“This was a lot harder than I thought,” Mason Bennett, a freshman from Alvirne High School, said after driving an excavator while attempting to pick up balls and place them into a bucket using the machine.

Jackson Parker of Reed & Reed General Contractors said the career day event is a great way to engage youth and get them thinking about their future.  “I worry about the age of our workforce all the time,” said Parker. “This gives young people a chance to explore all sorts of jobs that could eventually lead them to a successful career.”

More than 1,900 high school students from 54 middle and high schools are attending the event, which continues on Friday.  “It is fun to pick their brains a little,” said Paul Bedard of Pawjer Earth Products. Bedard brought several large pieces of granite salvaged from a construction project in Manchester to the event.  Teens had the chance to make cobblestones out of the large granite pieces.  Cody Crossland, a sophomore at Alvirne High School, said he was looking forward to Thursday’s field trip and learning more about the various careers in transportation.

“I have thought about entering the trades,” said Crossland, who enjoys working on trucks and dirt bikes.

The two-day event coincided with the launch of the Construction Sector Partnership within the New Hampshire Sector Partnership Initiative — an industry driven effort to help businesses address workforce needs focusing on construction, health care, hospitality, manufacturing and technology.  According to a release, New Hampshire’s construction sector represented about 32,000 jobs in 2017, with a projected 3 percent increase between 2018 and 2022. “About 22 percent of people working in this industry are age 55 or older and are expected to retire within the next 10 years, promising to create an extremely competitive recruiting landscape,” states the release.

 

Read the whole article at Union Leader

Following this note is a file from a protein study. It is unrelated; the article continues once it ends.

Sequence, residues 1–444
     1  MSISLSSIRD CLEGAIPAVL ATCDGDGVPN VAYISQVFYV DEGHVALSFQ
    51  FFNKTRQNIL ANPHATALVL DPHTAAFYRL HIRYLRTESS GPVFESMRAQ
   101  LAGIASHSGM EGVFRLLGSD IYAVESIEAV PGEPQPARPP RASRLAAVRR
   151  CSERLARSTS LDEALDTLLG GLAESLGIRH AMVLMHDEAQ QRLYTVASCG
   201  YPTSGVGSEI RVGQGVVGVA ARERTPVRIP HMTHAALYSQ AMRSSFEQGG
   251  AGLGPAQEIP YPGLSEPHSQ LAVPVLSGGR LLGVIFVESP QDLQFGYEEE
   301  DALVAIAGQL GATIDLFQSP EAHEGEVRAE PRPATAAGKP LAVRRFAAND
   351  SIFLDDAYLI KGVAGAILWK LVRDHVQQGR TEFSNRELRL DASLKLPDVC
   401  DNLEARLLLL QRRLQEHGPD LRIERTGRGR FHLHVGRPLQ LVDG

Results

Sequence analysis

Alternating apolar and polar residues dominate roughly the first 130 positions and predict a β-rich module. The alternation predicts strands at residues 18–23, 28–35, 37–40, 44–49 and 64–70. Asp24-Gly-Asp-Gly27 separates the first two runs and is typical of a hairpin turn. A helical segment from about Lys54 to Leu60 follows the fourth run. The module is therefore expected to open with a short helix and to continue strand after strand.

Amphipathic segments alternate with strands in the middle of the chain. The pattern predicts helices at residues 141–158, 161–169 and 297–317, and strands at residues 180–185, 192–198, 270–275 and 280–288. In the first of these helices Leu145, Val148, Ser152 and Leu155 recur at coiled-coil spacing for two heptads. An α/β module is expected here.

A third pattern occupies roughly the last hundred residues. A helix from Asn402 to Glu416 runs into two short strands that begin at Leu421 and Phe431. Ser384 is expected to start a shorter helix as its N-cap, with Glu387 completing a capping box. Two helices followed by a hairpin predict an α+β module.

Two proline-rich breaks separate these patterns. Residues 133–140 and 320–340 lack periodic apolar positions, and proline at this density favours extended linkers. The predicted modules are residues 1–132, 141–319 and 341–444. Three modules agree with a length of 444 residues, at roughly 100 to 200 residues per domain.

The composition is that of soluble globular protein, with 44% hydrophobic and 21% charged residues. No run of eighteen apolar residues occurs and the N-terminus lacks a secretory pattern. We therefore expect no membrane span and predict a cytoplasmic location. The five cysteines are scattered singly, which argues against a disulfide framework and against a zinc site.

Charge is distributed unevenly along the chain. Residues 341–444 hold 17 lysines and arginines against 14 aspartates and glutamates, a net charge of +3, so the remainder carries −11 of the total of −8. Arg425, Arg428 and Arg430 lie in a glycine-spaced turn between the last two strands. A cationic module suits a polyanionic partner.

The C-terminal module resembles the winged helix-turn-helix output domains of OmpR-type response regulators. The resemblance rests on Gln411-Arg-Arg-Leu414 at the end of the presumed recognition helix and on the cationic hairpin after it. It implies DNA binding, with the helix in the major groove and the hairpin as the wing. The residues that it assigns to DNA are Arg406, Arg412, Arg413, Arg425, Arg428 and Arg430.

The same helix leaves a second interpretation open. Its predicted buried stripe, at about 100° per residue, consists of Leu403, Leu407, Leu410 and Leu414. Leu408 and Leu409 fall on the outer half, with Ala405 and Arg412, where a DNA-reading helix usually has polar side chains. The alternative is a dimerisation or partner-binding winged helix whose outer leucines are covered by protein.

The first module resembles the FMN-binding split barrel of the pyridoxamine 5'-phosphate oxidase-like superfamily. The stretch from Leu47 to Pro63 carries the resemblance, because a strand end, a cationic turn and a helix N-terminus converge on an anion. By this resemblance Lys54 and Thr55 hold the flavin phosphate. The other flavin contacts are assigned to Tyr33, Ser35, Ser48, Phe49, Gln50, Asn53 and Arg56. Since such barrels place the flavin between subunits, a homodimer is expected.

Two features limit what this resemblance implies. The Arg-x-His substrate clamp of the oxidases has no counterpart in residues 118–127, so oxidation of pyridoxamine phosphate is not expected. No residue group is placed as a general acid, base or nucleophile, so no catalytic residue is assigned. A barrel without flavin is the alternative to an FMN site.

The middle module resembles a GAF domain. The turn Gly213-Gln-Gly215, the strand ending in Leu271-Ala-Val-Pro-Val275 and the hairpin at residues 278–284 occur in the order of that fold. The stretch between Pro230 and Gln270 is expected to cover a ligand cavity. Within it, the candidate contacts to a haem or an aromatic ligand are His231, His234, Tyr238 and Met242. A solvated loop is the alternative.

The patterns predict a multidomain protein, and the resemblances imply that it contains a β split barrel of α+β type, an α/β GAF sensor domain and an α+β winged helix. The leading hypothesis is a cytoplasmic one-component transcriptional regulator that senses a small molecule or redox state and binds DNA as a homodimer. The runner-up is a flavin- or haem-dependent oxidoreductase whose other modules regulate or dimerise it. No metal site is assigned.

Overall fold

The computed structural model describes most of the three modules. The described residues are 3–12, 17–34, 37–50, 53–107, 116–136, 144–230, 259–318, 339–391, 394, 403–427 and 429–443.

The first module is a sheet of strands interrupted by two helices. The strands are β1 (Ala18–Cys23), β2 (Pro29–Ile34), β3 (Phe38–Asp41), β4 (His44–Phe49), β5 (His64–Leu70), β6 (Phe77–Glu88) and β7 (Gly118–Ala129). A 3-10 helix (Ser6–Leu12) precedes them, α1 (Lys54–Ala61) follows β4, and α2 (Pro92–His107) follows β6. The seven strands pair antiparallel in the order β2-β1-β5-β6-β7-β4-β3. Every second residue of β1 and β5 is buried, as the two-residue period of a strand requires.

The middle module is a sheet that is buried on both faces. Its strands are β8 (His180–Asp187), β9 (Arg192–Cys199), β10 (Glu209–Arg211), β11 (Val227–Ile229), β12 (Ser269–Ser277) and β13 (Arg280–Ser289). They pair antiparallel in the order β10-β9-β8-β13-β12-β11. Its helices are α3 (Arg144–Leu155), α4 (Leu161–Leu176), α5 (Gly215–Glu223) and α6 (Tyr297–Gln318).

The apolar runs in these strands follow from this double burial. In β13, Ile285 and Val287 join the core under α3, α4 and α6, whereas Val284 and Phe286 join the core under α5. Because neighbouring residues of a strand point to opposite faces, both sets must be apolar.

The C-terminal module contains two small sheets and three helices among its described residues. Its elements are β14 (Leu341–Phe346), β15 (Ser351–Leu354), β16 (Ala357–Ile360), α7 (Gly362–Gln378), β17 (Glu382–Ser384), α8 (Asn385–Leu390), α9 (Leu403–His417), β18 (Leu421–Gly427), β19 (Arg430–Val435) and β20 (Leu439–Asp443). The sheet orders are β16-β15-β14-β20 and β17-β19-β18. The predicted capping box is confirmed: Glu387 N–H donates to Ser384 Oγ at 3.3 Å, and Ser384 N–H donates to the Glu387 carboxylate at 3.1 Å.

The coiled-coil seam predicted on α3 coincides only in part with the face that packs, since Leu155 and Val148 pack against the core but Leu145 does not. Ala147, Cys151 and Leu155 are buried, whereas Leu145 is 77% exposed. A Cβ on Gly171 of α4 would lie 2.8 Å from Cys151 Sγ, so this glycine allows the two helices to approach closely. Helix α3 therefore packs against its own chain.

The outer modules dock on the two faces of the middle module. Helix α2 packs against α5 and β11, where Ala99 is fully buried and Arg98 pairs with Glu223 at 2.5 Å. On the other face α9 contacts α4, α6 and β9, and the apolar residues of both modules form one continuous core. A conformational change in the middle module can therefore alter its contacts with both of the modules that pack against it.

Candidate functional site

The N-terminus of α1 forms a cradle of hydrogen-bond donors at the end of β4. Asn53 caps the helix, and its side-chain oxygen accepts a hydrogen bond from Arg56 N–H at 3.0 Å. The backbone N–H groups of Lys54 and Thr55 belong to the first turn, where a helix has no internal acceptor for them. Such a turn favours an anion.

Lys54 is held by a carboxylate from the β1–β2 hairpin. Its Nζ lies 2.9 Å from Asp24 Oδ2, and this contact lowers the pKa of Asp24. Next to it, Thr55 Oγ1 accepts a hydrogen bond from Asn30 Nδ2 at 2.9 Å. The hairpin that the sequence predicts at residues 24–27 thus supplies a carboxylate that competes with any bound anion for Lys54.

FMCSA eliminates requirement for military CDL holders to pass knowledge, driving skills tests

Military members looking to become truck drivers may have an easier time in doing so as the Federal Motor Carrier Safety Administration (FMCSA) has authorized states to waive the commercial learner’s permit (CLP) knowledge test and driving skills tests. It does not direct the states to do so but allows each state to at its own discretion.

The ruling was announced in a Federal Register Final Rule this morning. Specifically, the rule states that “certain individuals who are, or were, regularly employed within the last year in a military position that requires, or required, the operation of a commercial motor vehicle (CMV)” are eligible to skip the knowledge test portion of the CDL process. “This rule includes the option for an SDLA [State Driver Licensing Agency] to waive the tests required for a passenger carrier (P) endorsement, tank vehicle (N) endorsement, or hazardous material (H) endorsement, with proof of training and experience.”

Spc. Trey Dodds, a truck driver with the 110th Composite Truck Company, attaches a trailer to a vehicle as evening falls on Thursday, September 13. Soldiers worked into the night preparing vehicles for rapid deployment to hurricane-affected areas along the American East Coast.

The rule also states that certain drivers can be exempted from taking the driving skills test as well.

“This rule gives states the option to waive both the CDL knowledge and driving skills tests for certain current and former military service members who received training to operate CMVs during active-duty, National Guard or reserve service in military vehicles that are comparable to CMVs,” the rule states. “The combined effect of the Military CDL I rule and this rule will allow certain current or former military drivers, domiciled in participating States, to transition to a civilian CDL more quickly due to their armed forces training and experience.”

Many in trucking have viewed veterans as a key piece to help alleviate the driver shortage but concerns over the timeliness of that process and the inability of states to recognize veteran’s driving experience have slowed that process.

One of the factors that delay licensing is that CDL holders must pass requirements in their home states – which for military members is often not the state in which they are stationed.

The Military CDL I rule, issued in October 2016, sought to alleviate this by allowing states to extend up to 1 year the time a candidate has to apply for a test waiver after leaving the military. It also allowed the state where the military member is stationed to coordinate with the member’s home state on the knowledge or skills test.